Windows NT/2000: Native API Reference
by Gary Nebbett
Edition: Paperback
Price: £37.99

3 of 4 people found the following review helpful
4.0 out of 5 stars Scholarly and thorough, 16 April 2001
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Leafing through this book, you can imagine the days and weeks spent with Soft-Ice and a checked build of Windows NT patiently and meticulously coaxing the secrets out of the world's least well-documented operating system. It is rather dry and could do with more code examples but is otherwise first rate. For best results mix with 'Undocumented Windows NT' by Prasad Dabak et al.


Assembly Language for Intel-Based Computers
Assembly Language for Intel-Based Computers
by Kip R. Irvine
Edition: Hardcover

14 of 14 people found the following review helpful
5.0 out of 5 stars An excellent guide, perhaps the best there is, 16 April 2001
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This is the most complete guide to Intel Assembly Language that I've come across. Most Assembler books suffer from being years out of date and making the curious assumption that you couldn't possibly want to program anything higher than a 286. Irvine's book is both reasonably current and acknowledges that we live in a 32-bit world. Heck, it even covers programming the x87 FPU which is something that other authors presume that you would never dream of doing. There are some complaints about the content, however. Much of the DOS-based material is now so outdated as to be useless and many of the programming examples might be better as Win32 console applications. I would like to see video displays more advanced than standard VGA addressed as well. Generally, however, the content is comprehensive and well explained. The comparatively useless 'Assembler Insde And Out' was given away free with Microsoft MASM 6.11. MASM 6.11 is given away free with 'Assembly Language for Intel-based Computers'. Do you need any further reason to buy this excellent book?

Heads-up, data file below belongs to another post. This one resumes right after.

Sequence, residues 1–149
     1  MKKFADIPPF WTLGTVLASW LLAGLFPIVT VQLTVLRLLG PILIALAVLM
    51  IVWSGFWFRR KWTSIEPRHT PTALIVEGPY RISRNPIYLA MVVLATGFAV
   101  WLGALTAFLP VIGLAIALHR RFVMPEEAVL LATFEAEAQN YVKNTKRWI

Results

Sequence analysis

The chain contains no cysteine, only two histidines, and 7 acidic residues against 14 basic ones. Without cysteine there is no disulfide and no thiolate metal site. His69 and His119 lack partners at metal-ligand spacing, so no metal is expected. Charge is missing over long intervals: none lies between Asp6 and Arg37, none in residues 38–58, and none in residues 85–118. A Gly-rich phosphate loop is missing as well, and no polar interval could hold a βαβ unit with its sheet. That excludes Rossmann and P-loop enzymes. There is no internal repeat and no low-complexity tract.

Programmer's Guide to Internet Mail: SMTP, POP, IMAP, and LDAP (HP Technologies)
Programmer's Guide to Internet Mail: SMTP, POP, IMAP, and LDAP (HP Technologies)
by John Rhoton
Edition: Paperback
Price: £59.99

1 of 1 people found the following review helpful
4.0 out of 5 stars Not bad at all - the best book on programming email?, 31 Mar. 2001
Vey thorough in its coverage of protocols, including DNS, LDAP and ASN.1 along with the usual suspects (SMTP, POP, IMAP, MIME, etc.). The choice of Visual Basic for code samples is, er, unusual but easy enough to follow. The text is clear, although the presentation is a bit dodgy at times.